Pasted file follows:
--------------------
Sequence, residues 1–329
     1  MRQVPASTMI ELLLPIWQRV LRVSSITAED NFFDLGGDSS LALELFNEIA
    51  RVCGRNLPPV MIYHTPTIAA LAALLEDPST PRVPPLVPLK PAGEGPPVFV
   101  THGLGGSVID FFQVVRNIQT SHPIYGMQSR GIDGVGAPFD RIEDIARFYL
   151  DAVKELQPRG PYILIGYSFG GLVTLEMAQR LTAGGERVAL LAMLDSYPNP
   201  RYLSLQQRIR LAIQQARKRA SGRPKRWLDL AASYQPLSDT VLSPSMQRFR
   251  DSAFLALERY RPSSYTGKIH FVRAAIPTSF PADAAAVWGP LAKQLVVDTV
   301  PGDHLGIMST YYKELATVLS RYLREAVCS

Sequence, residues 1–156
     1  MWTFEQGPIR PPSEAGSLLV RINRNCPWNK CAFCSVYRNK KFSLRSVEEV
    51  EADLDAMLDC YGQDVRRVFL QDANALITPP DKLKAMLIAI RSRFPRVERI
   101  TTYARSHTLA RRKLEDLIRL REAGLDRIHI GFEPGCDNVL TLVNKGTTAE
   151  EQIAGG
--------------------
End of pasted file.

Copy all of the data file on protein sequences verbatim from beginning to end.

Sequence, residues 1–329
     1  MRQVPASTMI ELLLPIWQRV LRVSSITAED NFFDLGGDSS LALELFNEIA
    51  RVCGRNLPPV MIYHTPTIAA LAALLEDPST PRVPPLVPLK PAGEGPPVFV
   101  THGLGGSVID FFQVVRNIQT SHPIYGMQSR GIDGVGAPFD RIEDIARFYL
   151  DAVKELQPRG PYILIGYSFG GLVTLEMAQR LTAGGERVAL LAMLDSYPNP
   201  RYLSLQQRIR LAIQQARKRA SGRPKRWLDL AASYQPLSDT VLSPSMQRFR
   251  DSAFLALERY RPSSYTGKIH FVRAAIPTSF PADAAAVWGP LAKQLVVDTV
   301  PGDHLGIMST YYKELATVLS RYLREAVCS

Sequence, residues 1–156
     1  MWTFEQGPIR PPSEAGSLLV RINRNCPWNK CAFCSVYRNK KFSLRSVEEV
    51  EADLDAMLDC YGQDVRRVFL QDANALITPP DKLKAMLIAI RSRFPRVERI
   101  TTYARSHTLA RRKLEDLIRL REAGLDRIHI GFEPGCDNVL TLVNKGTTAE
   151  EQIAGG